12. I've noticed that if I middle-click on a forum link on the main forum page (it doesn't seem to affect sub-pages), it opens a new tab for the forum as usual--but it also advances as if I'd left-clicked on the link as well, preventing further middle-clicking. This is annoying when I'm trying to get caught up on my reading. Why is this happening? EDIT: this also affects subforum links and thread links, but not, say, the wiki link.
  13. I'm working on an implementation of Kalah, the game most commonly known as 'mancala' in the Western world (despite mancala being an entire family of games). I've got it mostly working, but I've hit a bug I can't figure out. You can find the code here. You should be able to reproduce the bug by following these steps: Start the program. Choose one player, intelligence 3, three beads per house. Make the following moves: D, A, C, B, D, C, E, B, A, D, E. At this point the computer should have a single seed in house L. Make the move C. This is where the program crashes. As far as I can tell, the c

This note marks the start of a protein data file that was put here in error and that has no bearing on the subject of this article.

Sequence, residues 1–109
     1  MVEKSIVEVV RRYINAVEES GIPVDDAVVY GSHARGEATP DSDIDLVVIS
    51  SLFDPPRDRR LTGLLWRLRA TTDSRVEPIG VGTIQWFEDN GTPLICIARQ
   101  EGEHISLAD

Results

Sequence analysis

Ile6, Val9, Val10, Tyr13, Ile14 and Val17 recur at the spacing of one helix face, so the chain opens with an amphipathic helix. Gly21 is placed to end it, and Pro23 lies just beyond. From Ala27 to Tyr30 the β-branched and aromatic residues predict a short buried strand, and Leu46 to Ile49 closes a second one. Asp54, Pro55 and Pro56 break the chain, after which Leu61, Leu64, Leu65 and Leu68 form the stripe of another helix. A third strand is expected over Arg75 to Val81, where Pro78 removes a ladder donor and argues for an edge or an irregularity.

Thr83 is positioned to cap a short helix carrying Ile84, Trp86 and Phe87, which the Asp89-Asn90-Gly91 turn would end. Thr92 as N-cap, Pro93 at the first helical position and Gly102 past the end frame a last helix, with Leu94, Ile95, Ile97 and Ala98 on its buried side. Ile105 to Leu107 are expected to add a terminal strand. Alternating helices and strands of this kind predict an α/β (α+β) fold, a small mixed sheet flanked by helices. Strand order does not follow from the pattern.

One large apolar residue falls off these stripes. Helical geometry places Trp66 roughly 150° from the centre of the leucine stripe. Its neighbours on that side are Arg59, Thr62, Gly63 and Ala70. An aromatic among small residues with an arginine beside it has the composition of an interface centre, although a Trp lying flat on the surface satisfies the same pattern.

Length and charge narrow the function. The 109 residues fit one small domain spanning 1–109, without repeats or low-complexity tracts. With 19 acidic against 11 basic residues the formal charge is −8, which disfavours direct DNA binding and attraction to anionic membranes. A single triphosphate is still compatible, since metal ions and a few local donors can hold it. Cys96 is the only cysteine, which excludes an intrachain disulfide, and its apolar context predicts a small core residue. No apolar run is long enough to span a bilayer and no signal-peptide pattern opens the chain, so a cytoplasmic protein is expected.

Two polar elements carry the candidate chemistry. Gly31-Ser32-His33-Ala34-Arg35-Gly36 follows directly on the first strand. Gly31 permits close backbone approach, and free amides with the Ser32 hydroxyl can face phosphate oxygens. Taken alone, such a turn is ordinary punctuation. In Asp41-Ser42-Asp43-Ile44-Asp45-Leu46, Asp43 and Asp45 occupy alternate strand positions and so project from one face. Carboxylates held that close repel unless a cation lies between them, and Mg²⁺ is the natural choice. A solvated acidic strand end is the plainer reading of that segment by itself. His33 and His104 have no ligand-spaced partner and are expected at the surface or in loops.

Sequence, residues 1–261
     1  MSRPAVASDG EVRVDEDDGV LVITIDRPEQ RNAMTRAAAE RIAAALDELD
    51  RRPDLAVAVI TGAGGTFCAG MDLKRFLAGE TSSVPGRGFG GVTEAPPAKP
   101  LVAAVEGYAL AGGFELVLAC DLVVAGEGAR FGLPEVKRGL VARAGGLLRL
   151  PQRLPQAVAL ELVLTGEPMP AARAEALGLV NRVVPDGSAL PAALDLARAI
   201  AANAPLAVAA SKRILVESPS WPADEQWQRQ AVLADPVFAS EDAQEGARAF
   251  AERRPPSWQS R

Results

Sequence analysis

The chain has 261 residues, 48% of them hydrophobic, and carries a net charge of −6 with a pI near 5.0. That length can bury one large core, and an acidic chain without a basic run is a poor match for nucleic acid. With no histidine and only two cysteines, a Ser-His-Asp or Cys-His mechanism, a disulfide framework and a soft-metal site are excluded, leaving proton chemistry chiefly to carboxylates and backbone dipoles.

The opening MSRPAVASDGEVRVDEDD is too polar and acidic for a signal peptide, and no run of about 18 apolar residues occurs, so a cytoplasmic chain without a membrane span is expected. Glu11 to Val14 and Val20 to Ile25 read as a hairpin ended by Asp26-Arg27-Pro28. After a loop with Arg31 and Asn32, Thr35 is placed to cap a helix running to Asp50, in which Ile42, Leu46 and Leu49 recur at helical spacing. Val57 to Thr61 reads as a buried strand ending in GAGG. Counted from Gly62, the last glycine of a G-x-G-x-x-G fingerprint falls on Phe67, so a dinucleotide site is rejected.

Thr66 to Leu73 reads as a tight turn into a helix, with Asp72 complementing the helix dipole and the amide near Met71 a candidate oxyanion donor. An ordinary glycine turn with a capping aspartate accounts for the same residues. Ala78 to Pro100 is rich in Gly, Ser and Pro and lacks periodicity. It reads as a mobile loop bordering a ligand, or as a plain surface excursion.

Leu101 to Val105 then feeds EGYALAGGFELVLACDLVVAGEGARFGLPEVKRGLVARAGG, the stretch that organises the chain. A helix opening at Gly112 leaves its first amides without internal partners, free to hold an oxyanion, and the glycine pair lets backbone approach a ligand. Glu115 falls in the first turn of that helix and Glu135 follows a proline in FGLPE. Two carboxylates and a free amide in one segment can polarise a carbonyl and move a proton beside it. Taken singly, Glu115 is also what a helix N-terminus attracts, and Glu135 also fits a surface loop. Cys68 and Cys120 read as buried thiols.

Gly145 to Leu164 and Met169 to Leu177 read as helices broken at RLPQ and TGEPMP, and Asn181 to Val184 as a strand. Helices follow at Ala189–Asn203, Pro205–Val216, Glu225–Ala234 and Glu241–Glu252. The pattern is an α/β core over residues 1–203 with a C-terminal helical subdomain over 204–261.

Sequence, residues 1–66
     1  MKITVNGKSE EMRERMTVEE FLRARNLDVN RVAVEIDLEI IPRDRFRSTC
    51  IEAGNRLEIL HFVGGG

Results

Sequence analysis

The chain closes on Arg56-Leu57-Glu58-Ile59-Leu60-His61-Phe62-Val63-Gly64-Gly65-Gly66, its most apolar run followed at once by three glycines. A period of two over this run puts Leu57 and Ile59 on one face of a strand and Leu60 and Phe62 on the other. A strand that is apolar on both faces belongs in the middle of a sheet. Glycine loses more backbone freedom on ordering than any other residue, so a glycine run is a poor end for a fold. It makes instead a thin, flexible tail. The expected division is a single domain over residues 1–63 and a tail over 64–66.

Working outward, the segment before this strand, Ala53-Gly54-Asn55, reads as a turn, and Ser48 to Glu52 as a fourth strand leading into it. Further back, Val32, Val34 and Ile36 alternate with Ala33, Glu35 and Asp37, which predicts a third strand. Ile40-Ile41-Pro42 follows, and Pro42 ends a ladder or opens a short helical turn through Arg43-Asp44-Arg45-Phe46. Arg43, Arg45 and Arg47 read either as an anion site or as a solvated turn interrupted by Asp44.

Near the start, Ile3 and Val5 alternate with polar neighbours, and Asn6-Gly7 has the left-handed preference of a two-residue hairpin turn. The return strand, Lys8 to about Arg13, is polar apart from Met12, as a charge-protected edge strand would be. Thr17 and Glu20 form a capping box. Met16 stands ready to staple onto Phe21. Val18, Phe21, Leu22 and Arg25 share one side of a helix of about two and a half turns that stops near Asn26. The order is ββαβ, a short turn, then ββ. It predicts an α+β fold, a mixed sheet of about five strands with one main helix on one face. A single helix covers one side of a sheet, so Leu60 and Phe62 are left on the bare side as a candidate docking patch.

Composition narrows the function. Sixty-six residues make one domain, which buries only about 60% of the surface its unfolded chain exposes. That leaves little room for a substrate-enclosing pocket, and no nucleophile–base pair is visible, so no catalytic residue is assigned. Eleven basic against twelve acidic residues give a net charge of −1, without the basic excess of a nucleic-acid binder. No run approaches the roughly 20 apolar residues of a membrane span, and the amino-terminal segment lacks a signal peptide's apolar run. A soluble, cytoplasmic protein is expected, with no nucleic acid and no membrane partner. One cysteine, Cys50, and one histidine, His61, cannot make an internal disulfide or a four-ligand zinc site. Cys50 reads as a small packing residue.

14. I'd like to write a program where the user can type something at any of several entry prompts and have the program close neatly. What comes to my mind is using xpcall() to call a main loop function, having the code throw up a 'done now' error() whenever it gets the 'quit' input, and have xpcall()'s message handler check for that error and handle it with a 'okay, see you' message, with debug.traceback() being called if any other errors pop out. Is there a better way?
  15. I'm not sure why you're interested in OpenComputers if you don't want to learn at least a little about programming. Nonetheless, I've written a program that should do what you want. If your computer has an internet card, you can save yourself some effort by using: pastebin get jqgVWjYp stopwatch.lua -f Otherwise, head here and copy and paste into Minecraft (middle button is paste by default).
×
×
  • Create New...

Important Information

By using this site, you agree to our Terms of Use and Privacy Policy.